Arthur Clayden was born on 9 August 1829 at Wallingford, Berkshire, England. He was the second of four children of Eliza Mary Greene and her husband, Peter Clayden, an ironmonger. Arthur's education included a time at Clewer House School, Windsor. He later recalled the school lining the Long Drive at Windsor to salute Queen Victoria on her accession to the throne. By the early 1850s he was working as an ironmonger in the small rural town of Faringdon, Berkshire. At Wallingford, on 24 May 1860, he married Julia Greenwood. Arthur's younger brother, Samuel, joined him in his business and by 1869 had taken it over. The eldest brother, Peter William, an active Unitarian minister in his younger life, became increasingly involved in journalism, eventually being appointed an editor on the London Daily News. It was probably through Peter that Arthur moved into journalism.
In 1872 Arthur Clayden joined the opening phase of the New Zealand government's immigration drive, as an agent for the railway contractors John Brogden and Sons. Working among the Berkshire agricultural labourers he 'had infinite difficulty in disabusing their minds of anti-emigration prejudices'. That year also saw him identify himself with the great awakening among the rural labourers and join the advisory consulting committee of Joseph Arch's National Agricultural Labourers' Union. Recognising its immigration possibilities, colonial governments courted the union's leaders. At the invitation of the Canadian government, Clayden joined Joseph Arch in spending the latter months of 1873 in North America. After travelling widely in Quebec and Ontario they briefly visited New York and Boston. Clayden reported the tour at length in the Daily News. Not all was to his liking, and frank accounts of 'haggard-faced farmers' and 'miserable-looking, lank and hopeless labourers' led to friction with some of the union's leaders on his return.
New Zealand's agent general, Isaac Featherston, encouraged the leaders of the National Agricultural Labourers' Union to send a delegate to New Zealand, and by January 1874 had hopes that Clayden would go. But Clayden was not yet ready for the venture. Early in the year he launched his first book, The revolt of the field, which provided a popular account of, and a label for, the rural awakening. Good reports from his Brogden emigrants assisted his Berkshire recruiting for the New Zealand government. By December 1874 he had seen 'some five hundred individuals' leave for the colony.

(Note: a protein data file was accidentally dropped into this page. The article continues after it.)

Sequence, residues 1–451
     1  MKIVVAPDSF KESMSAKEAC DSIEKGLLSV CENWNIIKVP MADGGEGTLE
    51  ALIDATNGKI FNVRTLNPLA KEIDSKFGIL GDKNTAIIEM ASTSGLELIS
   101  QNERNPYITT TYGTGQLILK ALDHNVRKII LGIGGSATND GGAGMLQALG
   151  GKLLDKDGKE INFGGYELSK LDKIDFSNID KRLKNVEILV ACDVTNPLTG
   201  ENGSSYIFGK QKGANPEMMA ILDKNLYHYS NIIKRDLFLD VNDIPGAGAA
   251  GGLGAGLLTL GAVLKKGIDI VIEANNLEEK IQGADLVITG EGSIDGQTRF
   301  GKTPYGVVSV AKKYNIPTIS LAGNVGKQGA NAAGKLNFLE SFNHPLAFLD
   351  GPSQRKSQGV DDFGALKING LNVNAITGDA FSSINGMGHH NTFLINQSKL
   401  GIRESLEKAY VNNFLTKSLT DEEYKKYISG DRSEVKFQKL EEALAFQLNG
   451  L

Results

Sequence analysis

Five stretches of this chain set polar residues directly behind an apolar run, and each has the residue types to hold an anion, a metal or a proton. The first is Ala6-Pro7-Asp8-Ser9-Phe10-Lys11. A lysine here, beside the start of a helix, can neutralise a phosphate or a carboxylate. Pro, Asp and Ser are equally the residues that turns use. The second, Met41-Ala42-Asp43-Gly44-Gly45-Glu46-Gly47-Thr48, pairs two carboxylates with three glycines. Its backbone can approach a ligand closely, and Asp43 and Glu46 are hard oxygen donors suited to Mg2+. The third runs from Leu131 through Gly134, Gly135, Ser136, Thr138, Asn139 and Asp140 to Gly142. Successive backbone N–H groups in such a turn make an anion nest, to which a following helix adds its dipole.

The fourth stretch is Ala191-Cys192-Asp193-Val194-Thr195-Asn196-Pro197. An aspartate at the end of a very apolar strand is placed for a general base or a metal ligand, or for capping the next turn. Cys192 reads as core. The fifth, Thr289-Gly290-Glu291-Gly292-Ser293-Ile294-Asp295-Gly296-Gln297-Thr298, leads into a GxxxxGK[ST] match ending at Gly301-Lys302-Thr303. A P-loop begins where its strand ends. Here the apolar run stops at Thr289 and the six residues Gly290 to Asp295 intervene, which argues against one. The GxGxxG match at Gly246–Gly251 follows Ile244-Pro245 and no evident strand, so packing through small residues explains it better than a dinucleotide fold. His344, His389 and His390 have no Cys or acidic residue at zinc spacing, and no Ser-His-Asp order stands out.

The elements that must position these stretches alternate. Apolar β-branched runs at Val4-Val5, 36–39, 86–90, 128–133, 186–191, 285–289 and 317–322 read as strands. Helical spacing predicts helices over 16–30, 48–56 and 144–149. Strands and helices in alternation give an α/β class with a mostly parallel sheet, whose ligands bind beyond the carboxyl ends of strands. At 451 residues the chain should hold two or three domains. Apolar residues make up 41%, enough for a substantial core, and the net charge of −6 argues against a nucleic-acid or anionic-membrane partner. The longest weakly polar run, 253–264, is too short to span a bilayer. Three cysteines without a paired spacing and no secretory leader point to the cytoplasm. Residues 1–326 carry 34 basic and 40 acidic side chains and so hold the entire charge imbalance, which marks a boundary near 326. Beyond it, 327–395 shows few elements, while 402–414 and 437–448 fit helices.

Samuel Clayden and his large family (seven sons and three daughters) emigrated to New Zealand probably during 1877, and Arthur followed later that year. His brother's success in turning a wilderness of scrub in the Eighty-eight Valley, Nelson, into a thriving farm, in launching his sons either on farming careers or on urban callings in Nelson, and in shaping a public career for himself in local government, were an inspiration to Arthur's immigration work and an example he was fond of quoting. After travelling widely in New Zealand Arthur returned with his wife to England in 1879 with a year's engagement to lecture on emigration throughout the United Kingdom, with the emphasis on recruiting persons with capital. To help in this work he published The England of the Pacific, the first of four books advocating British emigration to New Zealand.
Returning to New Zealand in 1880 Clayden purchased a home in Nelson. Over the next four years he worked as a free-lance journalist, publicising the colony in contributions to the London dailies, half a dozen of the leading provincial and Scottish newspapers, and in the Christian World, which, he maintained, 'reaches all the best middle class homes of the United Kingdom.' It was therefore natural that when the Stout–Vogel government decided in 1885 to accelerate immigration, it should turn to Clayden. He was provided with financial assistance to tour the colony and equip himself, before proceeding with his wife to Britain; but his request for a passage for his brother Samuel to accompany him, as an example of a successful immigrant, was turned down. Clayden arrived back in New Zealand in June 1887, and in 1890 returned finally to England, bringing an exuberant report on Samuel's farm. In 1892 he contested the general election as the Liberal candidate for the seat of Dulwich, following similarly unsuccessful ventures by his brother Peter. He died at Hastings, Sussex, on 22 August 1899, survived by Julia Clayden.
Clayden was justly proud of his contribution to the peopling of the colonial empire of the queen he had saluted in 1837. If it had ever been his firm intention to settle in New Zealand, it seems to have been the loneliness of colonial life that finally drove him back to England. However, having seen something of Canada, the United States and Australia, he never wavered in his advocacy of New Zealand as the superior colony, the land whose climate and institutions conspired to make it the best destination for the English immigrant.